The face of Israeli prostitution

In the aftermath of a sex worker’s suicide, ‘Metro’ takes a look inside the brothels of Tel Aviv.

September 20, 2015 05:07
Brothels in Israel

98 Hayarkon Street, the site of the brothel in which sex worker ‘Jessica’ committed suicide last week, sparking a protest and calls for reform. (photo credit: SETH J. FRANTZMAN)

‘I don’t believe the story.

They say she was 20 years old and was in the country for 15 years... that she lived and worked at 67 Hayarkon [Street]. I think maybe she had many other troubles with family and money; it happens,” says Jenny (not her real name).

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This 40-year-old prostitute has worked for a year and two months at a brothel that is a five-minute walk from where another woman in the world’s oldest profession took her own life last month, sparking a 600-person protest.

The following day, police served the owner with a 30-day closure order, though they claimed it had nothing to do with the sex worker’s suicide and that they had been trying to shutter it for a long time, asserting it is a nuisance that operates at all hours in a residential neighborhood.

On condition that we not reveal where she works, Jenny agreed to sit down with Metro to discuss life in Israel’s sex industry.

“Some days I only have two customers, others as many as 10,” she reveals. Along with four other women, all in their mid- 30s to early 40s, she works from 10 or 11 a.m. to 7 or 8 p.m. The women watch Russian- language TV and smoke cigarettes on a small patio; another woman works the phones, providing details to the johns: “NIS 200 for half an hour, erotic massage, shared shower.” She advertises the prostitutes’ supposed attributes: “Young girl, hard but large breasts.” Which girl that refers to is not clear, since none of them match the glowing description.

According to estimates, some 15,000 women are involved in sex work in the Jewish state. A recent report found that 1,000 girls under the age of 18 are involved in some form of prostitution here.

The Elem NGO notes there are also underage boys and transgender teens involved.

Reports on prostitution tend to focus on exceptional cases, such as dozens of men arrested for using the services of an underage sex ring in which a 17-year-old boy was accused of procuring teens. Others focus on human trafficking, a phenomenon of the 1990s in which thousands of women were trafficked via Sinai from the former Soviet Union.

They concentrate on neighborhoods, such as 1 Finn Street, a “notorious drug and prostitution den,” which was recently torn down next to the central bus station.

We hear stories about the Hasan Arfa area near Yitzhak Sadeh Street, a warren of tin shacks and garages supposedly overrun by drug users and sex workers.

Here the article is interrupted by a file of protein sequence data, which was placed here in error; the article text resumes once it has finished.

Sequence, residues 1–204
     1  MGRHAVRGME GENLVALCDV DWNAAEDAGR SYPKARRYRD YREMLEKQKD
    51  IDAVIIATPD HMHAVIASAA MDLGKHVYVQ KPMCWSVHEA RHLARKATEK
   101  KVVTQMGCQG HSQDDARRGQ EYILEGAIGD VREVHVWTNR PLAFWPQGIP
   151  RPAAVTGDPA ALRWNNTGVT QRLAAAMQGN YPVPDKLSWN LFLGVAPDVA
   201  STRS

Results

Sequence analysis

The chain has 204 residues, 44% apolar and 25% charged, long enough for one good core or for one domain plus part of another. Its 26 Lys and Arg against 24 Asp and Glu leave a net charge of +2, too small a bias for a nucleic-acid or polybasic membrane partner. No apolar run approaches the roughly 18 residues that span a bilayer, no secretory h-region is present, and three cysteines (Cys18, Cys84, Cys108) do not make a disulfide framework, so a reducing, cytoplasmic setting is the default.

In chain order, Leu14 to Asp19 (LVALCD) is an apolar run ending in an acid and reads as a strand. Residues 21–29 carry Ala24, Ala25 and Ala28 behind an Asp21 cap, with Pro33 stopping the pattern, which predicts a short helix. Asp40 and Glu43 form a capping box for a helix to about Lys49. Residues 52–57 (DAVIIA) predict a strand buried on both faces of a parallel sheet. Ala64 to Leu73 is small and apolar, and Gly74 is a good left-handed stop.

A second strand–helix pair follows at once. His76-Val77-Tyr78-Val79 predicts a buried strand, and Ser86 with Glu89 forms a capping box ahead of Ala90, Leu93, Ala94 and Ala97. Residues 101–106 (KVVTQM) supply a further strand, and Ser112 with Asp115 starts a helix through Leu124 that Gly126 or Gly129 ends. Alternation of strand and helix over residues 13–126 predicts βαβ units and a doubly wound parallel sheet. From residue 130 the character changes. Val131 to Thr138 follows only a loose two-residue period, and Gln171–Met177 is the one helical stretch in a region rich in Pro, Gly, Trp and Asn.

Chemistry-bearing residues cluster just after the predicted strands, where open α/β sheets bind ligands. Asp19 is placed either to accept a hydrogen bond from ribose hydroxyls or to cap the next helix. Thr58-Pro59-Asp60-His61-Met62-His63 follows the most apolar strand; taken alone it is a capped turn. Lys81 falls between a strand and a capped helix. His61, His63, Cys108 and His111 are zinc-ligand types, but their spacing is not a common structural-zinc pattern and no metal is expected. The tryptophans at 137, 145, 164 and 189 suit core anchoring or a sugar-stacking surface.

When Emese Benko did a photo essay on prostitution, he concentrated on the most gritty area around the bus station. He maintains there are 300 brothels in Tel Aviv.

Rebecca Hughes of social action organization Atzum’s Task Force on Human Trafficking writes, “There is a dangerous gap between the glamorous depiction of prostitution in pop culture [such as in the movie Pretty Woman] and the reality that prostituted women and minors are forced to contend with on a daily basis.... Most women do not choose to be prostitutes.”

The actual face of prostitution is more nuanced. There are hundreds of brothels in Tel Aviv. Many of them operate openly, advertising their services on the street with business-sized cards scattered on sidewalks throughout the city by young men.

These vividly colored cards usually include suggestive photos or graphics of women and advertise a variety of difference services. Some claim to offer a “touch of class” and that a phone call away is a woman who will visit your “home or motel.”

Others claim to offer “all varieties of massage, seven days a week, 24 hours a day.” Some even specify “no sex.” “Not for everyone, for wealthy people only, VIP models!” Brothels and massage parlors are located everywhere in Tel Aviv, from Hamasger Street to Ben-Yehuda and Allenby. There is not a neighborhood that doesn’t have them. A website that offers “sex-finding” services even has a locator feature that will tell you where to find the closest service.

Sipping a Bloody Mary at a bar near the beach during a happy hour this past Sunday, I gave it a try.

You can choose from “erotic massage” or “discreet rooms.” According to the app, just 0.3 kilometers from me in poorly worded Hebrew was “Tantra [ancient Eastern sexual practice]; if you haven’t tried tantra, you should find out what it is.” For NIS 350 from 10 a.m. to midnight, one could find out. Four hundred meters away in another direction was “the nicest place in Tel Aviv near the sea,” where “four young, beautiful women give a spoiling massage.”

In all, there were 44 massage parlors within 10 km. from the beach. They offered every type of woman, including a “22-year-old Moroccan student girl.”

Calls to some of the places revealed them to be closed or at least not answering.

Those that did promised “full-body nude massage” for NIS 200 for 30 minutes.

The age range of the masseuses seems to be about 21 to 34, according to the women who answered the phone (all calls but one were answered by a female).

Most places had similar hours: open from 10 a.m. to 6 p.m. with three to five women, then from 6 p.m. to 4 a.m. with a new shift.

Outside 98 Hayarkon Street, an ugly, dilapidated building in an area undergoing gentrification, signs had been pasted to the sidewalk protesting that women worked 12-hour days and serviced 20 to 30 men a day. They were left over from the Saturday-night demonstration, outside the building where a woman named “Jessica” had committed suicide. “A house of prostitution is a rape center” some signs said, while others proclaimed more starkly “Prostitution = rape.”

Laws in Israel, which seem to be rarely enforced, have criminalized solicitation of prostitution – but not being a customer.

The protesters alleged that women were forced into prostitution, that brothel security guards had supplied them with drugs. In other reports, heroin addiction was given as a reason for women entering prostitution, or staying in it.

IN 2011, then-MK Orit Zuaretz tried to introduce a bill to make it illegal for men to be clients of sex services.

“If you buy a blood diamond, it is criminal; if you buy the body of a woman, it should be criminal, too. I don’t understand why this is tolerated by the public in a Jewish state,” the Kadima MK told the press at the time.